Darryl Parks on the death of syndicated talk


To appreciate the significance of this, you need to know who he is. Clear Channel (now iHeart) has one news/talk station that is very different than the rest. While most Clear Channel stations news talk stations are drifting down toward 1% shares, WLW-AM is the #1 station in the market in Cincinnati Ohio with an astounding 11.9% share. Darryl was the program director at WLW for most of the time Clear Channel has owned the station – until they fired him last year. You’ll find no stronger evidence that iHeart wants to kill news/talk as a format.

Most failing Clear Channel stations run a minimum wage guy in the morning, then Beck + Limbaugh + Hannity. WLW-AM in Cincinnati has Bill “the Great American” Cunningham” and had Mike McConnell until he left to work at WGN in Chicago. WLW carries no Premiere programs at all – and is 100% local live programming. They still run a live trucker show overnight.

His article is much stronger than a similar “expert” opinion run by Tom Taylor about a week ago, written by an unknown newspaper guy who had a radio show on Saturday Nights on one station and failed miserably at his first weekday morning drive job in Raleigh.

Darryl does what most people in radio do – he floats a straw man based on cherry picked statistics. He tries to make the case that Rush Limbaugh sucks because he talks about the same stuff every day. He proves the point by pointing to Don Imus being #38 in morning drive in New York on WABC. Don Imus is no Rush Limbaugh – while Imus likes guns and country music, he is very far from being a “Conservative”, quite the contrary. Sports news is a big part of the show along with talking about entertainment news a lot. He is failing by not being like Rush.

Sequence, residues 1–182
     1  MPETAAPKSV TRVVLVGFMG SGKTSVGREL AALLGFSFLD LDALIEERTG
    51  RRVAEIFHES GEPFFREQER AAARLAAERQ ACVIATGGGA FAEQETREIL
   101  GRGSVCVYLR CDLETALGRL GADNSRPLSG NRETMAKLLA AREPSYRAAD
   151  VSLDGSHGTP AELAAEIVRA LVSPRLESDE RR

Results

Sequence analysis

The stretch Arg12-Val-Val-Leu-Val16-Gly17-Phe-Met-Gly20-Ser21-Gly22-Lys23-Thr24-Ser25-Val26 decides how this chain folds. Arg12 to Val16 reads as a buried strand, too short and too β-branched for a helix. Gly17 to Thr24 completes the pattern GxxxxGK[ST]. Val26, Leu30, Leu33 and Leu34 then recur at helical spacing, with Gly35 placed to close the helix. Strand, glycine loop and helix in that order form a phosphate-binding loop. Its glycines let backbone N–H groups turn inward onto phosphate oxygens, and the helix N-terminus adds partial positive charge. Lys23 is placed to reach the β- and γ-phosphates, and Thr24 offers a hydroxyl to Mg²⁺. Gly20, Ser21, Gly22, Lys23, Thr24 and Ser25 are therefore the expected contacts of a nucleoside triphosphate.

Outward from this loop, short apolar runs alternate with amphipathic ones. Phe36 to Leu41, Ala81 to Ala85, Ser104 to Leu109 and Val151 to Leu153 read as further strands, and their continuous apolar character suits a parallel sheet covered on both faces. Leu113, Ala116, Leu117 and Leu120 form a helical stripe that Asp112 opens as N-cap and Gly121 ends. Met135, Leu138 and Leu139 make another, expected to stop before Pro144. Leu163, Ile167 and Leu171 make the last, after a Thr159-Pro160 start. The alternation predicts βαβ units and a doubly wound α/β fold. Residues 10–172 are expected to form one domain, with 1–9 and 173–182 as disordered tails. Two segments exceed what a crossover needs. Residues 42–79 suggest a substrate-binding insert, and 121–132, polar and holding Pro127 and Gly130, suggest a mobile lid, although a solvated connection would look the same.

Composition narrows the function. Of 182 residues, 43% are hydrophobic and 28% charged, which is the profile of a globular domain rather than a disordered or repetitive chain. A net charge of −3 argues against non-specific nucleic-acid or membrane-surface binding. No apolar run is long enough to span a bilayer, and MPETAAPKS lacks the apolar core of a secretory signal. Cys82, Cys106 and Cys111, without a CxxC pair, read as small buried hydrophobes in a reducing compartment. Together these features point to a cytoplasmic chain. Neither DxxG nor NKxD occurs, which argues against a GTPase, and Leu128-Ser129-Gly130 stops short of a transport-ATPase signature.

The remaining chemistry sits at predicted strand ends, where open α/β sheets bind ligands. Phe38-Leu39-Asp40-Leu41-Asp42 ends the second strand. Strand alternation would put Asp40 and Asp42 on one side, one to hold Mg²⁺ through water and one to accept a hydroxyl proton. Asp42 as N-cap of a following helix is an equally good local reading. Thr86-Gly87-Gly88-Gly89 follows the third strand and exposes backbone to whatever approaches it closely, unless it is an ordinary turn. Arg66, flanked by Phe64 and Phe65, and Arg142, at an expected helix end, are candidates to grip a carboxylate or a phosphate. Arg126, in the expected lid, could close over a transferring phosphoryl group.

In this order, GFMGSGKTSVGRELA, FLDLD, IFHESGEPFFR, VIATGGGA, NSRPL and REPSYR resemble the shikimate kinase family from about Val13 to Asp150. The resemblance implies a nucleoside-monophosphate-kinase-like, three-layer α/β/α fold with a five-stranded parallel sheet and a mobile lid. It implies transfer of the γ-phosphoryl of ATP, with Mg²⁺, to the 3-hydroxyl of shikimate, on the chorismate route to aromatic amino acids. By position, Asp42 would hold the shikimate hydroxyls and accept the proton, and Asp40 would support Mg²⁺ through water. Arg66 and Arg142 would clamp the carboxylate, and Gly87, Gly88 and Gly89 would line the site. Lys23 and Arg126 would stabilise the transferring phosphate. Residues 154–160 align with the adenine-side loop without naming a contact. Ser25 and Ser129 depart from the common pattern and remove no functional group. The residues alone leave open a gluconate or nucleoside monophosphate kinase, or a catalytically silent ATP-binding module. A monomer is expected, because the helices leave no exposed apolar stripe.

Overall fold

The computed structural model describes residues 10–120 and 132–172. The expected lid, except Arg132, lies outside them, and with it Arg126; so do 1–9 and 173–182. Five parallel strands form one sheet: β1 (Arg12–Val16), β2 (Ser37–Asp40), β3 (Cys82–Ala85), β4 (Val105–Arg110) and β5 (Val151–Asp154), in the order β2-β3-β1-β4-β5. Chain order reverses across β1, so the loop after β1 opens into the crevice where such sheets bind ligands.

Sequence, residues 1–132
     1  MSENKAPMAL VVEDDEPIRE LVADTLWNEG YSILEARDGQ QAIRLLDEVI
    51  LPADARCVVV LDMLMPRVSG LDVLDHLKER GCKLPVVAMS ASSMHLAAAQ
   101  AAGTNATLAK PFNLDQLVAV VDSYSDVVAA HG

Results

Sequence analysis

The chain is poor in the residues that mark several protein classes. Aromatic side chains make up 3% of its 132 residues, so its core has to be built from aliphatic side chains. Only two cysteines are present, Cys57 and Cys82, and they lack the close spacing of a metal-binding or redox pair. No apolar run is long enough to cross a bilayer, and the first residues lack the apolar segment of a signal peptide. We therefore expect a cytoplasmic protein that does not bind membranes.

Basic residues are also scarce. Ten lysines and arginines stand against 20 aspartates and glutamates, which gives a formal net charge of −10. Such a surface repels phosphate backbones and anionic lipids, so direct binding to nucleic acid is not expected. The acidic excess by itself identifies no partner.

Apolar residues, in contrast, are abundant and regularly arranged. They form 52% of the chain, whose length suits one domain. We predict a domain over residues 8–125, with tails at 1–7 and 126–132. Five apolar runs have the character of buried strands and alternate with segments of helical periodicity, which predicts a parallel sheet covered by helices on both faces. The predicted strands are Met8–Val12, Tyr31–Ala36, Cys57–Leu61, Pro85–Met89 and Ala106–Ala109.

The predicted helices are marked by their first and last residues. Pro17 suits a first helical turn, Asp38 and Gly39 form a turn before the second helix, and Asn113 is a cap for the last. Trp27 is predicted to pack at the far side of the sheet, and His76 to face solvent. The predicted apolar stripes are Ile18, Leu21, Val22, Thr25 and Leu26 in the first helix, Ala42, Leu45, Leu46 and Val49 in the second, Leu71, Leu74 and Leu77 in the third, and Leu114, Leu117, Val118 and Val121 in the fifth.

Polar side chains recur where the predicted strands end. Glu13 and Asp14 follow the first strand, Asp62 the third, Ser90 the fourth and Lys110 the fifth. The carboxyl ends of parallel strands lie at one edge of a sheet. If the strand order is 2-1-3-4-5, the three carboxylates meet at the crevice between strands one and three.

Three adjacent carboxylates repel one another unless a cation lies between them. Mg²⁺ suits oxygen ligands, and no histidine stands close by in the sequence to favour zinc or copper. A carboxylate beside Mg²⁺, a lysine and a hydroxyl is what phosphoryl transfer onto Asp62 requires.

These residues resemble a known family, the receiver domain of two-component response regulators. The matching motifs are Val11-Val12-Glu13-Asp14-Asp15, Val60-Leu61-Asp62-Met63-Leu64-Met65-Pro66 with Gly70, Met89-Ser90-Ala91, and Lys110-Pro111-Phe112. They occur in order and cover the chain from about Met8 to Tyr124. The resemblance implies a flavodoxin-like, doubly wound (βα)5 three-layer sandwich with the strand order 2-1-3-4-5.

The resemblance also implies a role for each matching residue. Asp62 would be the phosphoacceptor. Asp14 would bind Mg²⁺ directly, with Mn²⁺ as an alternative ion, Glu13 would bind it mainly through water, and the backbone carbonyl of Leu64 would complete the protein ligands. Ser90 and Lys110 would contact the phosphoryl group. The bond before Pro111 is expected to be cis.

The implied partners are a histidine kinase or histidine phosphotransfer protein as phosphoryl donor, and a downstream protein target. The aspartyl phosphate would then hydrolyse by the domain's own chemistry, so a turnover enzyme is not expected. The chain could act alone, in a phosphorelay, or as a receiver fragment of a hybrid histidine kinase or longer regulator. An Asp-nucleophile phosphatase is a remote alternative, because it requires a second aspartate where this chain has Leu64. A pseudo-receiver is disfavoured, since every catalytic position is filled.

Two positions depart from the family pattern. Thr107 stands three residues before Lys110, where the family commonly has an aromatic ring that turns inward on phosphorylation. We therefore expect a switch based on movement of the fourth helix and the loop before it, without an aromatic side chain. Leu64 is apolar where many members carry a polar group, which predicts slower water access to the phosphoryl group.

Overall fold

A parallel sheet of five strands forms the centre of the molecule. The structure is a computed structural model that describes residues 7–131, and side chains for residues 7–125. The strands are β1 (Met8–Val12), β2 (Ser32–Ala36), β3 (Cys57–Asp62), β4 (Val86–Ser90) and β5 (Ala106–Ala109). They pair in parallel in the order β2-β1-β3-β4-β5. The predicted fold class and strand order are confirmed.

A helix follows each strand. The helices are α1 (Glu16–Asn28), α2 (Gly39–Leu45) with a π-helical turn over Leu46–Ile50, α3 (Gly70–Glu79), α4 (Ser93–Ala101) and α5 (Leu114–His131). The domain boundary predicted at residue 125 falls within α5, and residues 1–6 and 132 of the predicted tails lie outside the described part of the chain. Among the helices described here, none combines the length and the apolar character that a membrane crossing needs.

With that said, he does provide interesting insights to one small (but important) metric – 18-54 year old morning drive commuters in New York City. He has access to Nielsen unpublished data and so has to avoid directly disclosing numbers. To those who might have thought Salem’s WNYM-AM was where the audience went after Hannity and Rush left WABC, it isn’t the case – at least those younger than 54. He states in a comment that the morning drive for Salem (who is not a Nielsen subscriber) is a barely registering 0.1%. Salem’s business model is now mostly selling TownHall.com magazine subscriptions, not selling advertising, so they don’t care that 22 year olds don’t listen to Bill Bennett or Curtis Sliwa.

Young people that work in New York (the few who still listen to radio) listen to two things – NPR on WNYC-FM and the Jersey Guys on FM 101 – a station that just barely reaches New York.

He seems to be supporting the rumor that iHeart is about to pull the plug on WOR and switch it to Fox Sports. Hannity would not likely return to WABC – he really firebombed any bridge to return to Cumulus as long as the Dickey brothers still run the place (Stay tuned on that angle)

In related news, political advertising on the radio is almost nonexistent this year. Since radio stations usually set aside commercial inventory for last minute political advertising during election years, nobody buying ads is going to murder their revenue for this quarter, as they have to fill those unsold commercial slots (“avails” in radio jargon) at a fire sale price.

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5 Responses to Darryl Parks on the death of syndicated talk

  1. Parrott says:

    speaking of death, I heard that one of the ‘Tappet’ brothers ‘Clack’ of Click & Clack , the call in work on your car show has passed.
    bummer. I listened to them when I had to work on on my old 85 Ferd Mustang and Nissan truck keeping them on the road right after getting married and starting out
    oh well, they were good for a laugh or two.
    yeah radio is in a slump
    best regards

  2. foyle says: